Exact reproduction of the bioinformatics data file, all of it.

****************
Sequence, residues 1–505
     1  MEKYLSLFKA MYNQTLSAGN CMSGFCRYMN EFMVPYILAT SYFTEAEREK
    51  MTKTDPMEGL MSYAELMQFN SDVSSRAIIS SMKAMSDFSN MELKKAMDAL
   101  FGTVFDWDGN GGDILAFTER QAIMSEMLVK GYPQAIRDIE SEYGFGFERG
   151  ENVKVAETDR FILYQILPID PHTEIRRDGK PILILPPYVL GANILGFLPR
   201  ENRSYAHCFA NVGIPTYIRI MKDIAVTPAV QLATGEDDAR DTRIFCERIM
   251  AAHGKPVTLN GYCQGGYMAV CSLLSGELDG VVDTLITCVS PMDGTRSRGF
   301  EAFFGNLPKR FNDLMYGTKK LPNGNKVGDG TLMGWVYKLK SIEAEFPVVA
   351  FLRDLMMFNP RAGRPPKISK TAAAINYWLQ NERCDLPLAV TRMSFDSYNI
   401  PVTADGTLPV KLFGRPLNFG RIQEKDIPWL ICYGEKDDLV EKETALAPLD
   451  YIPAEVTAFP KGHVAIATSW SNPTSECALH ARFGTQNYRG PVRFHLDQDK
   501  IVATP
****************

Sequence, residues 1–505
     1  MEKYLSLFKA MYNQTLSAGN CMSGFCRYMN EFMVPYILAT SYFTEAEREK
    51  MTKTDPMEGL MSYAELMQFN SDVSSRAIIS SMKAMSDFSN MELKKAMDAL
   101  FGTVFDWDGN GGDILAFTER QAIMSEMLVK GYPQAIRDIE SEYGFGFERG
   151  ENVKVAETDR FILYQILPID PHTEIRRDGK PILILPPYVL GANILGFLPR
   201  ENRSYAHCFA NVGIPTYIRI MKDIAVTPAV QLATGEDDAR DTRIFCERIM
   251  AAHGKPVTLN GYCQGGYMAV CSLLSGELDG VVDTLITCVS PMDGTRSRGF
   301  EAFFGNLPKR FNDLMYGTKK LPNGNKVGDG TLMGWVYKLK SIEAEFPVVA
   351  FLRDLMMFNP RAGRPPKISK TAAAINYWLQ NERCDLPLAV TRMSFDSYNI
   401  PVTADGTLPV KLFGRPLNFG RIQEKDIPWL ICYGEKDDLV EKETALAPLD
   451  YIPAEVTAFP KGHVAIATSW SNPTSECALH ARFGTQNYRG PVRFHLDQDK
   501  IVATP